There are two winners of a $20 million contest to make products from carbon dioxide emitted by power plants
Both winners made concrete that trapped carbon dioxide, keeping it out of the atmosphere, where it can contribute to climate change. Production of cement, concrete’s key ingredient, accounts for 7% of global emissions of the greenhouse gas, said Marcius Extavour, XPRIZE vice president of climate and energy.
So its not surprising that the winning teams focused on reducing emissions associated with concrete, which will be a game-changer for global decarbonization, he said in a statement.
Meanwhile, Musk, the electric car and space entrepreneur, has pledged $100 million for researchers who can show how to trap huge volumes of carbon dioxide straight from the atmosphere and store the gas permanently. That competition will kick off Thursday, which is Earth Day.
Both contests are organized by XPRIZE, which encourages new technology by putting up prize money for demonstrating achievements. Most famously, Mojave Aerospace Ventures won a $10 million XPRIZE in 2004 by being first to fly a privately funded, reusable rocket plane into space multiple times.
The $20 million prize announced Monday had two parts: One at a coal-fired power plant in Wyoming and the other at a gas-fired power plant in Alberta, Canada. The contest focused on using carbon dioxide nabbed from the plants’ smokestacks, and the winners showed they can trap the emissions in cement, making stronger concrete in some cases.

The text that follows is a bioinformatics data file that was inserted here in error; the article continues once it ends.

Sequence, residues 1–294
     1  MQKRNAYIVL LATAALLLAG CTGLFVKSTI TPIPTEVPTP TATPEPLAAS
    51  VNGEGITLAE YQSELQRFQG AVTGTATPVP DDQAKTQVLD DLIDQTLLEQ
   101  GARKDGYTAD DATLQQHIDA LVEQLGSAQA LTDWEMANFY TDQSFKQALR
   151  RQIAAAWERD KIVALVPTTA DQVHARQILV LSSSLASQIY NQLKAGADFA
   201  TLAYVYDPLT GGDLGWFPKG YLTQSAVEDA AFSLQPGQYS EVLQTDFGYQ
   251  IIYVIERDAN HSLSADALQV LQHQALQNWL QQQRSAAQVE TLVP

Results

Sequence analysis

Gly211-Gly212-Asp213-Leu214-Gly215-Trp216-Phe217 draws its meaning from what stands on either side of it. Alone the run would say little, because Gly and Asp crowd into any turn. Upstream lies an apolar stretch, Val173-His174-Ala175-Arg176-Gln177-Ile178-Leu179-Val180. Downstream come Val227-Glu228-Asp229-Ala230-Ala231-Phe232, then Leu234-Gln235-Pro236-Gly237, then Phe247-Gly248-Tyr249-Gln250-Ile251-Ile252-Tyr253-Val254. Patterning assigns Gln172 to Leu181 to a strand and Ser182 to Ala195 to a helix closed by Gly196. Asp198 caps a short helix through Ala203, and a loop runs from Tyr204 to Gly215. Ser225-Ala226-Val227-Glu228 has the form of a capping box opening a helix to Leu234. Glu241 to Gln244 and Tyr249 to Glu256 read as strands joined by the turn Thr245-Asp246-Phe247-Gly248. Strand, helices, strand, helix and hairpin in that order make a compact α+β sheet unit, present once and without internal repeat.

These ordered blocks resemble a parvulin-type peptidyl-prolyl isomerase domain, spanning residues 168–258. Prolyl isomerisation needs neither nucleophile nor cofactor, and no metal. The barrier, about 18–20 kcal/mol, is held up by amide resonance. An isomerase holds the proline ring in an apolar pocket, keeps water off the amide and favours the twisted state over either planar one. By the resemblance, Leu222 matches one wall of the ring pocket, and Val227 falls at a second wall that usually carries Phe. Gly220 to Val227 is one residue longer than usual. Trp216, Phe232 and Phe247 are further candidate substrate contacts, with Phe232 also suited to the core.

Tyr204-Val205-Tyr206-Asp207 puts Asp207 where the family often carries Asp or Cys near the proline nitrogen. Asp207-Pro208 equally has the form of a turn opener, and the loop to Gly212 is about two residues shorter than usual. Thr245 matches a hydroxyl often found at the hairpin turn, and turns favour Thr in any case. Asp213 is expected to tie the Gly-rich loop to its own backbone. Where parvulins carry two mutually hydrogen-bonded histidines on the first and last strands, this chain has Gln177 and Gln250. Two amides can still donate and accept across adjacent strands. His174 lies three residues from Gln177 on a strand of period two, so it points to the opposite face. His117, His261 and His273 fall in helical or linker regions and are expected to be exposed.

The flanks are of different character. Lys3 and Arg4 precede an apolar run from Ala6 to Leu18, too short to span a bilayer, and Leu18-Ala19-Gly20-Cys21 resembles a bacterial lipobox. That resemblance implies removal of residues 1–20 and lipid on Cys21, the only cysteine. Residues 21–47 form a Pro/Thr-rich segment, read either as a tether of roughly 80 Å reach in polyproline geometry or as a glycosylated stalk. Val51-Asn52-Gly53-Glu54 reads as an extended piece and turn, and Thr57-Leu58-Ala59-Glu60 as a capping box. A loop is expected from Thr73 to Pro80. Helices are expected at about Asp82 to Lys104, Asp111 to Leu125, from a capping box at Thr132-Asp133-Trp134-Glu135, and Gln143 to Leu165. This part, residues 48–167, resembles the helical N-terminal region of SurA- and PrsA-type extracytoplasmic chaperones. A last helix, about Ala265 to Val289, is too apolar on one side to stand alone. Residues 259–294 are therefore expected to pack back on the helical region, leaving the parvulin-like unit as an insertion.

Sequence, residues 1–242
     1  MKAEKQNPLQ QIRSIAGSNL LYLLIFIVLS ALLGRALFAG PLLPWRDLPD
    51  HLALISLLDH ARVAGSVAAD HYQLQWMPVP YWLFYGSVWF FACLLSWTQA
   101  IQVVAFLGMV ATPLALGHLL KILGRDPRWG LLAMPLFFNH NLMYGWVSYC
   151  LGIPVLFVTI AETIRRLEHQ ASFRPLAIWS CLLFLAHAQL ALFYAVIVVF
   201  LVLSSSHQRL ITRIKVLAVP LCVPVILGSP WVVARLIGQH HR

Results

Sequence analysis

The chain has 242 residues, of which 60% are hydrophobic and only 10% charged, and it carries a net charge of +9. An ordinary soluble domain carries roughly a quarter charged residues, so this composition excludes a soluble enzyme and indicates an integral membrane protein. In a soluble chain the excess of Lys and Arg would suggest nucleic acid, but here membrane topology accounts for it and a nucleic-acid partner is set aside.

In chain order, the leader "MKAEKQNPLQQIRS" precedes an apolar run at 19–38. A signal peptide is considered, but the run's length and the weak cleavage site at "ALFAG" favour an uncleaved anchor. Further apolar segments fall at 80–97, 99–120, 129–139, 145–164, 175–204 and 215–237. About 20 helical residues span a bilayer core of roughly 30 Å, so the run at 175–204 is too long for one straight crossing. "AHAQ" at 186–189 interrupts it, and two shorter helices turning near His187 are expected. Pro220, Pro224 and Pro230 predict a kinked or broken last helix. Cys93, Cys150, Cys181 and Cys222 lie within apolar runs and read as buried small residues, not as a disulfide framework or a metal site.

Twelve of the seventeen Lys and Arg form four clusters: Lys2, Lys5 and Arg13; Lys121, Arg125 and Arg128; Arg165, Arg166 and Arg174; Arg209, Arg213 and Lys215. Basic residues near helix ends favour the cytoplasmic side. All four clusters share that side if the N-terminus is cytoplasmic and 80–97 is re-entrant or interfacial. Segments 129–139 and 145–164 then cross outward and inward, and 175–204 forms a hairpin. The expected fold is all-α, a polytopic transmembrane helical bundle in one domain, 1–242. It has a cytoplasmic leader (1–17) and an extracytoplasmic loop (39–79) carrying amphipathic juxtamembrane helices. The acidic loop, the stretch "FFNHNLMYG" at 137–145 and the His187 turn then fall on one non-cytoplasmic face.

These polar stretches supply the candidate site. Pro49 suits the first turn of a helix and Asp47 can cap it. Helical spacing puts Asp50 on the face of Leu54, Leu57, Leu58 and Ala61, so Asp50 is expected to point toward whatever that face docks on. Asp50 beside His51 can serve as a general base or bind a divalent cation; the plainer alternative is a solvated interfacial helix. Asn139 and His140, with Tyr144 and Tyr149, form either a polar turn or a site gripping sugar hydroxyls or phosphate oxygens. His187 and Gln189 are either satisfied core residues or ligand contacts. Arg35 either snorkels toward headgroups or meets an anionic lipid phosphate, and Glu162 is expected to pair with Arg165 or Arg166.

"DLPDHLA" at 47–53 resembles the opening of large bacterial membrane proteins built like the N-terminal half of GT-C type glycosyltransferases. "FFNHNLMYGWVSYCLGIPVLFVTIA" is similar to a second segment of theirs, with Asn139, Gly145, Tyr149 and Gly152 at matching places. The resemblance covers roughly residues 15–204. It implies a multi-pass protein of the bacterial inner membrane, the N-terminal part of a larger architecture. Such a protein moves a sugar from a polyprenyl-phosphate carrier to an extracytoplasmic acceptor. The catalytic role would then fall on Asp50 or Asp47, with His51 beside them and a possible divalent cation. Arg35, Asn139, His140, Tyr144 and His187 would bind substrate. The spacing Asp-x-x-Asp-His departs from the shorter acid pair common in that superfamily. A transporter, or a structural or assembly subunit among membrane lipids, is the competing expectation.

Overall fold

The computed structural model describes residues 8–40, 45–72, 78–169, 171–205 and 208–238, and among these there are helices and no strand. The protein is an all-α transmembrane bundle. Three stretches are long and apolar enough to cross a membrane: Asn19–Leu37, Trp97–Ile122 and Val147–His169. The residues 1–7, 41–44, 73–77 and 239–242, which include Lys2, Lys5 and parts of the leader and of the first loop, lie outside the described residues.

The winner at the Wyoming plant, Los Angeles-based CarbonBuilt, used carbon dioxide to cure concrete, trapping it in a process that also emitted less of the greenhouse gas compared with traditional cement production, according to XPRIZE.
The winner in Alberta was CarbonCure Technologies, based in Dartmouth, Nova Scotia, which showed it can inject carbon dioxide into water used to wash out cement trucks and mixers at a cement plant, resulting in a mix that makes stronger concrete, according to XPRIZE.
The two winners will split $15 million. Ten finalists split the other $5 million in 2018.
The U.S. portion of the contest took place at the Wyoming Integrated Test Center, a facility at a coal-fired power plant near the city of Gillette that hosts research into ways to trap and use carbon dioxide in real-world scenarios.
Gov. Mark Gordon has often touted the research center as an example of Wyoming’s interest in finding solutions to climate change potentially preserving the state’s declining coal industry in the process.
U.S. coal production has declined by half over the last 15 years or so as utilities get more electricity from renewables and cheaper natural gas. About 40% of U.S. coal comes from Wyoming, more than any other state by far.
The state covered three-quarters of the $20 million cost of the Wyoming Integrated Test Center, which opened in 2018.
Managing carbon, theres not going to be a one-size-fits-all, said Jason Begger, the centers managing director. A cement plant might not make a lot of sense at a power plant in Wyoming, but it might make a heck of a lot of sense in Japan.
Wyoming officials have expressed interest in participating in the Musk-funded XPRIZE contest but hasn’t heard back from him, Gordon spokesman Michael Pearlman said.
Follow Mead Gruver at https://twitter.com/meadgruver.